http://www.washingtonpost.com/opinio...c4_story/html?


    Will America allow prejudice against Muslim refugees, immigrants and US citizens to let the same thing happen here?

    NEVER AGAIN!


    My original comment follows:

    Sounds like our refugee screening system, in common with those for most or all of the millions of refugees, we have admitted to America in the past half century or more, is not 100 percent foolproof.

    Amazing! Who knew?

    And yet, in the past 50 years, we have taken in millions of refugees, including many from Cuba, Vietnam, Eastern Europe and other communist countries which, we can assume, were not eager to cooperate by sharing their databases (such as they were) with us concerning the individuals involved.

    Many of these countries of origin (such as the Soviet Union) had infinitely more power to harm America than ISIS, for all its evil and malevolence, does now, and their rulers were not shy about making threats to use their enormous power against us.

    I am old enough to remember when Soviet Premier Nikita Khruschev told America: "We will bury you".

    Did that stop us from taking in refugees from the Soviet Union, Soviet-dominated Eastern Europe, and Cuba?

    But there is a precedent for keeping out a group of refugees because of popular prejuduce and unfounded fears spread by demagogic politicians and other influential figures, including one of America's richest and most successful business tycoons, about whether they could be properly screened and about whether they could assimilate to America or become loyal Americans. I refer, of course, to the Jewish refugees fleeing Hitler in the 1930's.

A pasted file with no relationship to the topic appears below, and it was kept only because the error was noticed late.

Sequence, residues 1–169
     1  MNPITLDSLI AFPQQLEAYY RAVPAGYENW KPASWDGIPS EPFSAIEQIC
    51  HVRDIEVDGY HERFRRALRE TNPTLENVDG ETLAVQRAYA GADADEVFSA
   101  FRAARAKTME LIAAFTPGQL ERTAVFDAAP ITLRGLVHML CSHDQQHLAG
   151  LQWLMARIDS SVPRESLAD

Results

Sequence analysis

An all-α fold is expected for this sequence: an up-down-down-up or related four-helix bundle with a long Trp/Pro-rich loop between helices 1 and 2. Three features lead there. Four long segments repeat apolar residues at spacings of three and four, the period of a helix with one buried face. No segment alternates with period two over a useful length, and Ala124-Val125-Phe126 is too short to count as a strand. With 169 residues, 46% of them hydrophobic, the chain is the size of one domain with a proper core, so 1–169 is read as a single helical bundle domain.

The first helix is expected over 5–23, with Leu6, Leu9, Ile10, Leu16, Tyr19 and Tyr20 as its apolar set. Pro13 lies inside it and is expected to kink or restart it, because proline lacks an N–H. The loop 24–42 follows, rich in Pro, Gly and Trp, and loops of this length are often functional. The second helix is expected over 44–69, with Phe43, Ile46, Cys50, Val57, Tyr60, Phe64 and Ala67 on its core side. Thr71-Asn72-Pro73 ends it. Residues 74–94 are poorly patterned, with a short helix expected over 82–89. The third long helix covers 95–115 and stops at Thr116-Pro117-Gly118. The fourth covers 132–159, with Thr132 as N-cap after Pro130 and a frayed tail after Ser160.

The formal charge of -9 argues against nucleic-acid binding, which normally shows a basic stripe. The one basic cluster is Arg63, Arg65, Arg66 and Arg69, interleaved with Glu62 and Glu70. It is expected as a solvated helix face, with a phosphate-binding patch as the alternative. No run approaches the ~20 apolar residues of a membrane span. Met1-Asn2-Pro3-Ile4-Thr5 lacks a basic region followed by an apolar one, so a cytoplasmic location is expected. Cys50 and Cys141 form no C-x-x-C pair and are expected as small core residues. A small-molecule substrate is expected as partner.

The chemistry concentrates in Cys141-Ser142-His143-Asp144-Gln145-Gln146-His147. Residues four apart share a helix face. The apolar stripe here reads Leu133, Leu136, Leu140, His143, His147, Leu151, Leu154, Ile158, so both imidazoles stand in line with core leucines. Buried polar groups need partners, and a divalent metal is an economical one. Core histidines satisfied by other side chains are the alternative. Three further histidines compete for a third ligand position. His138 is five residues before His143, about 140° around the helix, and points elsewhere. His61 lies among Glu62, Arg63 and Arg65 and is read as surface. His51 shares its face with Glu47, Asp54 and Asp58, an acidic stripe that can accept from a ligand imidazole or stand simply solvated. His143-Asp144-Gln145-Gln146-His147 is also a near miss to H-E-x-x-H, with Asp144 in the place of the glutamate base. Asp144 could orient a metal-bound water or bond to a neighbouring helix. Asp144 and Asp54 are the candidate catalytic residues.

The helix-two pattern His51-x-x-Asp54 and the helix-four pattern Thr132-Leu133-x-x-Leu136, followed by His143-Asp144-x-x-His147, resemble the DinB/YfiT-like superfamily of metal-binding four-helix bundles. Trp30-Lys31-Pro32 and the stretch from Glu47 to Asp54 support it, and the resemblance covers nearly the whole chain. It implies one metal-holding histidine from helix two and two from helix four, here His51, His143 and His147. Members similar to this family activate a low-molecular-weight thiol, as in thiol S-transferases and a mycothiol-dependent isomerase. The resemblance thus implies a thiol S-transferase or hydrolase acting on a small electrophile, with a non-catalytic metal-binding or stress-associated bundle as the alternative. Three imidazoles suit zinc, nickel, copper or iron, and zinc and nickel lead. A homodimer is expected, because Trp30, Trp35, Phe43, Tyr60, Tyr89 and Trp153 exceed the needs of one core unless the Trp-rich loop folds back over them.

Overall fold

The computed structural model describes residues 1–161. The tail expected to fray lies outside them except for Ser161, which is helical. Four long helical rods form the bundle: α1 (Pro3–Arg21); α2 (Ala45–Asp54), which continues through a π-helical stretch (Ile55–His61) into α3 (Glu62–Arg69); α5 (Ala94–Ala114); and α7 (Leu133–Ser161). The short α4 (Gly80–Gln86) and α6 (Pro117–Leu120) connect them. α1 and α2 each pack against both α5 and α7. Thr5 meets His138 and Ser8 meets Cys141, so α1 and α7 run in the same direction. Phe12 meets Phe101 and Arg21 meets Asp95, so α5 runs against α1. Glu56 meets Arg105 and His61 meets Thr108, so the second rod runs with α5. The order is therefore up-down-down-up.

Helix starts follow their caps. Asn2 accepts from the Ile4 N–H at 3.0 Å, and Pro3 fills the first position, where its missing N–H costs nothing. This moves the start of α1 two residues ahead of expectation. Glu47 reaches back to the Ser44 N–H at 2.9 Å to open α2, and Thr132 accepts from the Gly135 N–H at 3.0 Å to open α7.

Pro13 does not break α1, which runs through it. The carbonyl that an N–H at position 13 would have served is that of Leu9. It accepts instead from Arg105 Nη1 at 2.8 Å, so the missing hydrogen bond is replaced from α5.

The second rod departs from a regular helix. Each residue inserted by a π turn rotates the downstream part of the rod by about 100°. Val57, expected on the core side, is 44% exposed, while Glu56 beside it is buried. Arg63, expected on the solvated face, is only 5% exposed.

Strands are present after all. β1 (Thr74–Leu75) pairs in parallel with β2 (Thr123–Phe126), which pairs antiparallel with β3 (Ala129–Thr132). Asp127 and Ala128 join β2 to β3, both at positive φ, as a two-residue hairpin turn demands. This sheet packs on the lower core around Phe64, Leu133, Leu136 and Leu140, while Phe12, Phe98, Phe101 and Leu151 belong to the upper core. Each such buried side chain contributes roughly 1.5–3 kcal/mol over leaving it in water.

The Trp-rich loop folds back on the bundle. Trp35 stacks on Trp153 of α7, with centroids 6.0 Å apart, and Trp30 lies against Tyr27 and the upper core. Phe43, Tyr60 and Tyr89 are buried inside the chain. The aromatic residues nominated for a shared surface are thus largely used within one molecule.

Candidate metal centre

We kept the Jewish refugees out then, because we had too many politicians who were using anti-Semitism to get elected.

    Are we going to do the same thing to the Syrian refugees now, who are trying to escape from one of the most horrifying humanitarian catastrophes of the past 40 years at least because of politicians who are spreading Islamophobia for the same purpose - including a certain candidate who is hoping this will take him all the way to the White House?

    This is even as an unspeakably brutal Syrian regime, backed up by a Russian dictator, and, very arguably, war criminal, whom this same US presidential candidate has had at least some words of praise for, continues to blow up hospitals in Aleppo and inflict unspeakable suffering on millions of innocent civiiians?

    Let us hope that America will outgrow using hate and fear against refugee scapegoats and other immigrant and domestic minority groups, based on whatever pretexts - and there are always pretexts available - as a means of building political careers. Let us also hope that we will outgrow using bigotry and scare tactics for political purposes in time for next month's election.

    Roger Algase
    Attorney at Law
    Updated 10-15-2016 at 01:36 PM by ImmigrationLawBlogs
  3. Unregistered222's Avatar
    This is laughable.

    The same incompetent government paper pushers that admitted people like Boston Marathon bomber into the US are trying to convince public that they actually worthy of their overblown salaries How come people who admitted Tsarnayev brothers into US as "refugees" are not fired with their government pension being stripped from them? Maybe when Trump is elected, there is a chance these people will even go to prison for a long time